The Gavilan Peak Estates Development

This proposed New River development was brought to our attention in mid-July. It has the potential to impact many aspects of our lifestyle in this area, including light pollution, traffic, well water levels, and the appearance of Gavilan Peak, a prominent landmark enjoyed by area residents. Some of this information was obtained through public records. Some was obtained from Coe & Van Loo Consultants, the planner and developer for the land owners. Their spokesperson, Theresa H. Evidente, was quite helpful in providing us answers to our questions. To be fair, their job is to get the best deal for their clients, and our conversations with Ms. Evidente cause me to believe that Coe & Van Loo are trying to do this development with minimal environmental and aesthetic impact. Still, we have concerns regarding the effect this project will have on light pollution in this area. Here is what we already know ...

1. Gavilan Peak Estates, LLC, formed in 2006, has acquired 130 acres of land surrounding Gavilan Peak. To see the aerial photographic image of this land, click here (449k). To see the lot numbers of this and adjacent properties, click here (658k). The posted notice (below), required by Maricopa County Planning & Development, was discovered by an area resident during an ATV ride.

2. As you can see from the posted notice, they will be applying for a zoning change from R43 (one home per acre maximum) to R1-35 (one home per 0.8 acres). Our search of county records shows that they have not yet officially filed for the zoning change. It is still listed as "I/P" (in process). When they do apply, they will be required to post another notice to that effect, including case number, hearing date, and means for local citizens to provide their input. They have already been working with the County on preliminary issues, but to our knowledge, there have been no formal applications filed to date.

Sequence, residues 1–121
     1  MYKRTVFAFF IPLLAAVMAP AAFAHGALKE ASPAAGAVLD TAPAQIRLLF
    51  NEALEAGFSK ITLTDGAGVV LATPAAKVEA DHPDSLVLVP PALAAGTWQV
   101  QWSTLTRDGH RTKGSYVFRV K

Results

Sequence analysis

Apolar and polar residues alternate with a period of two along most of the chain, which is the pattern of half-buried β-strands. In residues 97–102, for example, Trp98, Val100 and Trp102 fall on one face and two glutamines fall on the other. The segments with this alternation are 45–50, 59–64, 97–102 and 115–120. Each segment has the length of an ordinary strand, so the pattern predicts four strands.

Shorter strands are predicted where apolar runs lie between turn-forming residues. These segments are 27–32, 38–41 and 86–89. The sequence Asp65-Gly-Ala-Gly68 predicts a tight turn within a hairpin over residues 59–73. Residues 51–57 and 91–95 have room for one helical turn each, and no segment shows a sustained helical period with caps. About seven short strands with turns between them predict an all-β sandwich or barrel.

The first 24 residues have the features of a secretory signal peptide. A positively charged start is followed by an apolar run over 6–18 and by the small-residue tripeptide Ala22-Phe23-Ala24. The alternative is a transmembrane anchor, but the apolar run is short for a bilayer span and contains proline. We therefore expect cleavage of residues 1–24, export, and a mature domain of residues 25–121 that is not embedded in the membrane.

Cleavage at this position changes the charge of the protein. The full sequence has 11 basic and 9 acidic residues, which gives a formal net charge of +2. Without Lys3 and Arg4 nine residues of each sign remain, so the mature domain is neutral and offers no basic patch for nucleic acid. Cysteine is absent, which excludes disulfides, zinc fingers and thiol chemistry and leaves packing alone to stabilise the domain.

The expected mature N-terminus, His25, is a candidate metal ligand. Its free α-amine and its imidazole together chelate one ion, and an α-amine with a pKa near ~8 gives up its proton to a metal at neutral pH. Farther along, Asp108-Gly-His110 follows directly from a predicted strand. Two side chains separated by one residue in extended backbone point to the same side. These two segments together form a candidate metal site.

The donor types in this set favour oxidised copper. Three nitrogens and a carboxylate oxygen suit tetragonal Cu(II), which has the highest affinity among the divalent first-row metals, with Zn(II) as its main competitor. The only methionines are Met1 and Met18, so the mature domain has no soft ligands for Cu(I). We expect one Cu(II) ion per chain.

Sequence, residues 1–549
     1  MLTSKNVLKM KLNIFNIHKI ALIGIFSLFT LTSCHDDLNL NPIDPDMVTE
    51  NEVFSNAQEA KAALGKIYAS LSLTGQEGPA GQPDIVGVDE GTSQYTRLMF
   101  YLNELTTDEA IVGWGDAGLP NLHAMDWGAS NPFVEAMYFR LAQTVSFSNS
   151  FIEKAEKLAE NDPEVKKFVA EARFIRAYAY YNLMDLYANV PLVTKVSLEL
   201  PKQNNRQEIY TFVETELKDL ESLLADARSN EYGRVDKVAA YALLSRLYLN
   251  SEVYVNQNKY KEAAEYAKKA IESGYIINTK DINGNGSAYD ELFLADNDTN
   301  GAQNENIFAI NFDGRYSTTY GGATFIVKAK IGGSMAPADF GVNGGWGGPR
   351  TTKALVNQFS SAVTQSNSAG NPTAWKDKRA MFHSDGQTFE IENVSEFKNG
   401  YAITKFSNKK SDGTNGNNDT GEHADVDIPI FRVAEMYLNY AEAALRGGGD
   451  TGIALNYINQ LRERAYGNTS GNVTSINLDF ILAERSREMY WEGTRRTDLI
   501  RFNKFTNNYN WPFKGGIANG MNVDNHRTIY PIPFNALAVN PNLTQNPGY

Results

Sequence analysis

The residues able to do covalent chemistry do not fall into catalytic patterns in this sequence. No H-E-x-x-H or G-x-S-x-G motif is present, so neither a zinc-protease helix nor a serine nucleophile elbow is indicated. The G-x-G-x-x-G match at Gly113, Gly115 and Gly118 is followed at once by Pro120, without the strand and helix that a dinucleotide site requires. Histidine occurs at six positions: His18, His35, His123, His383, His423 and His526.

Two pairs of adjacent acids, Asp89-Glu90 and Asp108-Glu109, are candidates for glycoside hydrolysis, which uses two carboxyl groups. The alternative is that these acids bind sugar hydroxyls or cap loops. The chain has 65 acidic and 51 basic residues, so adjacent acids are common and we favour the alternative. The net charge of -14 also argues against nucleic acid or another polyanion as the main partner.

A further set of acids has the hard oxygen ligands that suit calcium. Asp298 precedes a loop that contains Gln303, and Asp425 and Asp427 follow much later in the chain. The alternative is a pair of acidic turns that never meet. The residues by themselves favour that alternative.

3. R1-35 zoning also allows two-story residences, but Ms. Evidente says that is not in their plans. According to her, "These will be high-end homes, integrated appropriately into the existing landscape."

4. This will be a private (but not gated) development, set up as an HOA. This further leads me to believe the aesthetic impact on Gavilan Peak should be minimal.

5. The main entry will be via a private extension to 29th Avenue, which currently dead-ends north of Gavilan Peak. Alternate access via connections to other area roads will also be provided.

6. Sewage will be handled by an on-site sewage treatment plant.

7. Water will be provided by two wells, supplemented by two storage tanks.

8. Of course, DFAC's primary concern is with lighting. According to Coe & Van Loo, there will be no street lights. All residential lighting will be shielded, and no up-lighting will be used. This is good, but could be even better. In our letter to Coe & Van Loo we argue for LPS (low pressure sodium vapor) lighting for both porch and yard lights, as well as fully shielded lights all around. Current code requires full shielding only on lights brighter than 150 watts. To read a PDF copy of our letter to Coe & Van Loo, click here. To read a PDF copy of our letter to Rachel Applegate at Maricopa County P&D, click here.